“This book of the law shall not depart out of thy mouth; but thou shalt meditate therein day and night, that thou mayest observe to do according to all that is written therein: for then thou shalt make thy way prosperous, and then thou shalt have good success” (Josh. 1:8). God will be no man’s debtor. In keeping His commands there is “great reward” (Ps. 19:11). Part of that reward is deliverance from being deceived by the false appearances of things, from forming erroneous estimates, from pursuing a foolish policy. Part of that reward is acquiring wisdom so that we choose what is good, act prudently, and follow those paths which lead to righteousness, peace, and joy. He who treasures in his heart the divine precepts and diligently seeks to walk by their rule will escape those evils which destroy his fellows.

Getting reflective here:

About 30 years of almost-daily being with God through His Word. And I learn to appreciate those rewards of steering my life by His ways.

For example, I started doing birth work in 2010, until about 2013 or so. Then I mostly stopped (I took a few exception clients.)

You know, stopping was one of the hardest things I think I’ve ever done, because I love birth work, and there are times I regret and sigh over it, but now, at 43, I’m glad I did it. With getting perspective, I guess I derailed my career, but it’s not a hard career to return to, though I regretted and sighed because I thought it was forever gone. I’m glad I was available to and with my kids so much during those years. What I’m glad about is that I didn’t sell my soul or my family to birth work. (I personally wasn’t able to make it mix at that point, though there are others who certainly can.)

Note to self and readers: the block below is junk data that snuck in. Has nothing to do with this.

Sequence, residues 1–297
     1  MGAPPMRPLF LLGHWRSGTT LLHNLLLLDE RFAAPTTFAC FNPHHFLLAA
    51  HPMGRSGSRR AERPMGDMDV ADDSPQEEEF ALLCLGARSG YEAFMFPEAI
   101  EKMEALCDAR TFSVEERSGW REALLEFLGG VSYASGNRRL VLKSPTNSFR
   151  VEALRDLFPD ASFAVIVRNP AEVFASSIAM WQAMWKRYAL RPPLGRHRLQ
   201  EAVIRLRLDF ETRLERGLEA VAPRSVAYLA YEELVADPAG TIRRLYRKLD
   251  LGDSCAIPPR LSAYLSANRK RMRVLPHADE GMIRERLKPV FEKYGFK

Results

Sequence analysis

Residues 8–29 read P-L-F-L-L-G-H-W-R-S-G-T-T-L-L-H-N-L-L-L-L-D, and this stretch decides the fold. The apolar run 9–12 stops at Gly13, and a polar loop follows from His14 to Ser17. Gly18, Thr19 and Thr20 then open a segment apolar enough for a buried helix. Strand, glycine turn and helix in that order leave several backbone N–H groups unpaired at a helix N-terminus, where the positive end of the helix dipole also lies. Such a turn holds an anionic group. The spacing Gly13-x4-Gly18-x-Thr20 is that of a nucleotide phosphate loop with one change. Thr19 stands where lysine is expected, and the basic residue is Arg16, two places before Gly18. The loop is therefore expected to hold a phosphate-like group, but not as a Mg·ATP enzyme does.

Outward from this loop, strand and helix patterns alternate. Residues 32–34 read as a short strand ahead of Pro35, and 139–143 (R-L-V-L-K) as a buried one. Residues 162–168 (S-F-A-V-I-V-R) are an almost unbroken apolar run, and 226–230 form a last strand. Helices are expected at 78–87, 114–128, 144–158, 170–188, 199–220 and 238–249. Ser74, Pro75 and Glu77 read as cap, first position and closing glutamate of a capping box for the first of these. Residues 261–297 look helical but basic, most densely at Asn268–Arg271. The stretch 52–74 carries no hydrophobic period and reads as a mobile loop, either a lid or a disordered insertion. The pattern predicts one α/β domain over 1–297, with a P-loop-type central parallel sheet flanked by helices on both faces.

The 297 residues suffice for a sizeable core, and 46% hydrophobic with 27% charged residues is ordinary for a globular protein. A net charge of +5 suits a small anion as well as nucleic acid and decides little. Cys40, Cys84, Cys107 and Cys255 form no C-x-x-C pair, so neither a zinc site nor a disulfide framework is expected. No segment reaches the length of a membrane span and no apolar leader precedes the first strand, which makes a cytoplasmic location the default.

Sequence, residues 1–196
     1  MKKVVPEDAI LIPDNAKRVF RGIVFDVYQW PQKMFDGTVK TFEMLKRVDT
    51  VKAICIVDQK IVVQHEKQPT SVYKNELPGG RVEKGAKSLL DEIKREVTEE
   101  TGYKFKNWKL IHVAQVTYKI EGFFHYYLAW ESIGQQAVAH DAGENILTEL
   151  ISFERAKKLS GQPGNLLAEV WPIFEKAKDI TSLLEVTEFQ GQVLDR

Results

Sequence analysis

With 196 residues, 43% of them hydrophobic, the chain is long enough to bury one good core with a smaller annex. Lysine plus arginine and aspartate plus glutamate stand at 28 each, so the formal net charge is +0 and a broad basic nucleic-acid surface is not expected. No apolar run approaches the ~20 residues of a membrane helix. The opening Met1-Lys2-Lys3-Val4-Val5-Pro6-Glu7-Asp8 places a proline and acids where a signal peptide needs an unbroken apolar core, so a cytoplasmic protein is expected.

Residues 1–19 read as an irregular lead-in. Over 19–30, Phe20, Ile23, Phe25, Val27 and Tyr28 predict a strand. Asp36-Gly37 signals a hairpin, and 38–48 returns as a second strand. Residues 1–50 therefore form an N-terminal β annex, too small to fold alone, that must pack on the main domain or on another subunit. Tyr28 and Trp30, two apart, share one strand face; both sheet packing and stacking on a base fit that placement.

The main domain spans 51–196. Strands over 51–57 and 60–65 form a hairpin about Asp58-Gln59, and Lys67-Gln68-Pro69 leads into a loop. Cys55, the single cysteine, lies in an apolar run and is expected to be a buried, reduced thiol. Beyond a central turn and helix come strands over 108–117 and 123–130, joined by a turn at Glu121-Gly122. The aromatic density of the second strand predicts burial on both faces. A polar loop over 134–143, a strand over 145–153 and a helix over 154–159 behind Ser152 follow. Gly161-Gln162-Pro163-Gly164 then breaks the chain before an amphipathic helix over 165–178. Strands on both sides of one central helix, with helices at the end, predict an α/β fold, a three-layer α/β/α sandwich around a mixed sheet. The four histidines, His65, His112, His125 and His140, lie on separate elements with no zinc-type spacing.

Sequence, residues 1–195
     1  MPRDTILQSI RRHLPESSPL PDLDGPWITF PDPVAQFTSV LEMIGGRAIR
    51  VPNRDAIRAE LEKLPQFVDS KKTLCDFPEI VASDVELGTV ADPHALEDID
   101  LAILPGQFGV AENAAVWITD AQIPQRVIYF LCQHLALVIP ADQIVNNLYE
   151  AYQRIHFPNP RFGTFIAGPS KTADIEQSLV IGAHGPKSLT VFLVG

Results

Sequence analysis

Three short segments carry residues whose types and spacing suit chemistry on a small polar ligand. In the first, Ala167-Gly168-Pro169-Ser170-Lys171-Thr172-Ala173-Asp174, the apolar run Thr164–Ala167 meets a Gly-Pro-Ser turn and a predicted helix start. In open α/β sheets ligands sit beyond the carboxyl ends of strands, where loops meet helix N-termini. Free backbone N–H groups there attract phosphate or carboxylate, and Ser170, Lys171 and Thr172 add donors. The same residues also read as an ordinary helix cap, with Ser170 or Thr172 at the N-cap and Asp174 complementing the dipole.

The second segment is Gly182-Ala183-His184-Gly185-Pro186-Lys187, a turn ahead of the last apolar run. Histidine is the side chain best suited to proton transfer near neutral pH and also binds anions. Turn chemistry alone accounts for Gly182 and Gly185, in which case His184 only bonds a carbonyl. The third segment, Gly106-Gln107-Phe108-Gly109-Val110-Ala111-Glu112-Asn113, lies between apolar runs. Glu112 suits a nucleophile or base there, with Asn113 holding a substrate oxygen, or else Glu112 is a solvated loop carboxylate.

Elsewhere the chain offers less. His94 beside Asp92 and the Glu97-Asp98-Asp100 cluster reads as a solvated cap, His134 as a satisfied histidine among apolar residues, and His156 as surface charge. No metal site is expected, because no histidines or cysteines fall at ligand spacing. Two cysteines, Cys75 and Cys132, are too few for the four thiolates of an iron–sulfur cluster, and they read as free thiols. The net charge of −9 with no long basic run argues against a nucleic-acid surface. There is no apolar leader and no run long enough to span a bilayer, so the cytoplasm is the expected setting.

“Part of that reward is deliverance from being deceived by the false appearances of things, from forming erroneous estimates, from pursuing a foolish policy. Part of that reward is acquiring wisdom so that we choose what is good, act prudently, and follow those paths which lead to righteousness, peace, and joy. “

I’m actually, as part of my mid-life motions, getting ready to return to birth work, but I think differently about it now, and I’m not so sacrificial towards it as I used to be.

So, even though it’s the long middle, I have definite rewards– a well-invested marriage, nice kids, long-term friends, meaningful ministries ….

mid-life, from changing myself to accepting myself

I’ve noticed this shift in my thinking and life considerations lately.